The Gippsland Lakes Great Pelican Count is back on 7 April 2019 and you can be involved.
According to Deb Sullivan, Birdlife Australia Project Officer in East Gippsland nearly 150 people participated in Victoria’s first Great Pelican Count in April 2018.
“We’re hoping our 2019 count is bigger and better than the last one,” said Deb.
“The Count is a snapshot – like a census – of pelicans across the Gippsland Lakes taken at the same time on the same day.
“Anyone can be involved in the count; pelicans are distinctive and easy to spot making it an event the whole family can be involved in. All you need to do is register.
“Annual counts help provide insights into population fluctuations from year to year and help understand the arrival and departure of nomadic populations that use the Lakes in times of high or low rainfall or both,” continued Deb.
The Count will be held from 11.30am to 12.00pm on Sunday, 7 April 2019 at many locations around the Gippsland Lakes.
Although the pelican is easily identifiable and iconic, some of its behaviours remain a mystery. Pelicans are highly mobile and respond to rainfall levels inland by moving to and from the coast.
“Last year’s count of 541 pelicans suggest that many of the young pelicans and nomadic pelicans weren’t at the Gippsland Lakes,” said Deb. “But we don’t know how many leave or where those pelicans go.
“We began pelican banding in late November and we’ll be asking citizen scientists to report banding as part of their sightings. The bands are bright red with white writing, making them easy to read. Hopefully we’ll be able to build a picture of where the pelicans move to and how they use the Gippsland Lakes.”
But why is this important? Deb explains that the data gathered is used by people and organisations working in the environment space.
“This is really valuable information,” continues Deb. “It’s used by natural resource management professionals to understand why the pelicans prefer a certain type of wetland or habitat. They can then set about trying to recreate those habitats at other sights meaning that the pelicans have more safe places available to them”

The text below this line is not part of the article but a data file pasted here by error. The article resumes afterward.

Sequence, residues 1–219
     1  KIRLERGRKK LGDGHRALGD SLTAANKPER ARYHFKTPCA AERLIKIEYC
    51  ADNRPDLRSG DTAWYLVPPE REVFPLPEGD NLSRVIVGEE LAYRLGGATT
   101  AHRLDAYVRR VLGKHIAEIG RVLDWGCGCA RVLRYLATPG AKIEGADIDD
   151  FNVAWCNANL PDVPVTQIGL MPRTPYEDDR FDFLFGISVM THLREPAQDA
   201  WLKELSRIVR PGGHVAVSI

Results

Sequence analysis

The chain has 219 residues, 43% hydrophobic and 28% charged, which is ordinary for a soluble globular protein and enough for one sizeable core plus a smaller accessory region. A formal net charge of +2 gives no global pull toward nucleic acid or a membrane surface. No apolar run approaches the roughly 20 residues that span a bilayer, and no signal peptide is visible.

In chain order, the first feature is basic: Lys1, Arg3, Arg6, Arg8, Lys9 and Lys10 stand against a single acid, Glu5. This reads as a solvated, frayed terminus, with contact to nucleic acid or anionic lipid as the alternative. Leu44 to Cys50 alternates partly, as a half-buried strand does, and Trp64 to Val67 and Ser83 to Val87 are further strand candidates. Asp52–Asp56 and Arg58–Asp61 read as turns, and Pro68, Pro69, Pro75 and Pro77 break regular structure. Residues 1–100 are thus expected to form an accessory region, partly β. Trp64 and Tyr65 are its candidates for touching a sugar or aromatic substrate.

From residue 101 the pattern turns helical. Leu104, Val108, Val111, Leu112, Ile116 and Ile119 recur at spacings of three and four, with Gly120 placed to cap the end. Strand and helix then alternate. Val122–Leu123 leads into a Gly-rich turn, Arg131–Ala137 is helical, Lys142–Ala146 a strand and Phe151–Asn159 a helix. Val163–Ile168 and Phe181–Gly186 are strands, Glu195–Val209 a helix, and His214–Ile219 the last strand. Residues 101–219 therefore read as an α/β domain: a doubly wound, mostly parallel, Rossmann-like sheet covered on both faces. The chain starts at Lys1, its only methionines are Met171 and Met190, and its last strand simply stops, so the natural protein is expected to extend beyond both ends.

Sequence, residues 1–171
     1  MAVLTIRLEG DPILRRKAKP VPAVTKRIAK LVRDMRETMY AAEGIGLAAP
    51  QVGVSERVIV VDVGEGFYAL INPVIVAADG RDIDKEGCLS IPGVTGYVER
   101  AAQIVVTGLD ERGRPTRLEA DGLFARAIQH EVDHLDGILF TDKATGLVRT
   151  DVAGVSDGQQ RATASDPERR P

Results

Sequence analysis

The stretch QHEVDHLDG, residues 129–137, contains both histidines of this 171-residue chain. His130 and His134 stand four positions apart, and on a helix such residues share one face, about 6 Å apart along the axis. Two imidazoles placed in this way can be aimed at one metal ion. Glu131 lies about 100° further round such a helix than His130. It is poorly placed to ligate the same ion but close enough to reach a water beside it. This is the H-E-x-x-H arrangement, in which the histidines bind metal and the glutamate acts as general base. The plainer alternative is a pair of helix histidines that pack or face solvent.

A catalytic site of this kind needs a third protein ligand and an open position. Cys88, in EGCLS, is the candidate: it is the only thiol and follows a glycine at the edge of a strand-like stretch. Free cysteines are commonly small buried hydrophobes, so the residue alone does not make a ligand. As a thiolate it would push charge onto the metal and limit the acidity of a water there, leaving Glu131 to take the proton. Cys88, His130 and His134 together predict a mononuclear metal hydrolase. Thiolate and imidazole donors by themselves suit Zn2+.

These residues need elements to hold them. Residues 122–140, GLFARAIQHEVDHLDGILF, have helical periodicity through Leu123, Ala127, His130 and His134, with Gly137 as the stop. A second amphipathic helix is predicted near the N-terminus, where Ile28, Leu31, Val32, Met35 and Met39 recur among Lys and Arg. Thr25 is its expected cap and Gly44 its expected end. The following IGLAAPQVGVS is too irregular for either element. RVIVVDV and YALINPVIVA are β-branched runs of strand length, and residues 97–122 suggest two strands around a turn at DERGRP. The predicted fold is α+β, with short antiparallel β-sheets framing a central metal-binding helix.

The Gippsland Lakes is home to one of only two permanent pelican rookeries in Victoria. Pelicans are colonial nesters, meaning they nest en-masse. Their young form creches that stay together for around two months learning to fly, feed and fend for themselves.
Continued and consistent monitoring is vital to help inform the future management of the Gippsland Lakes and its surrounding wetlands. Information gathered about species, like the pelican, helps us understand what management actions are working and what are the needs of the species into the future.
“The Gippsland Lakes provide a refuge for nomadic pelicans during time of regional and national drought,” continued Deb.
“We would expect to see more pelicans around the Lakes in dry times as they look for food. Data from the Great Pelican Count gives information about current numbers and their locations.”
“Register for the count, grab your friends and family and get out and enjoy the Gippsland Lakes. Your observations as citizen scientists can really make a difference.
“This count will, over time, help us to quantify the changes in pelican numbers across the Gippsland Lakes and enable volunteers of all ages to participate in counting one of Australia’s most recognisable birds.”
There will be at least 80 sites across the Gippsland Lakes with counters allocated to them. Some sites will have lots of birds, others may have none, but this also provides useful information.
“We’re also keen to get some local knowledge of roost sites, or places where pelicans ‘hang out” continued Deb.
“We need to find as many as possible so we’re asking people to give us a call or send an email to let us know.”
Registrations will open early next year. To be notified when registrations open, email firstname.lastname@example.org, registrations will close on 20 March 2019.
BirdLife Australia is dedicated to achieving outstanding conservation results for native Australian birds and their habitats.
This project is funded by the Victorian State Government for the health of the Gippsland Lakes.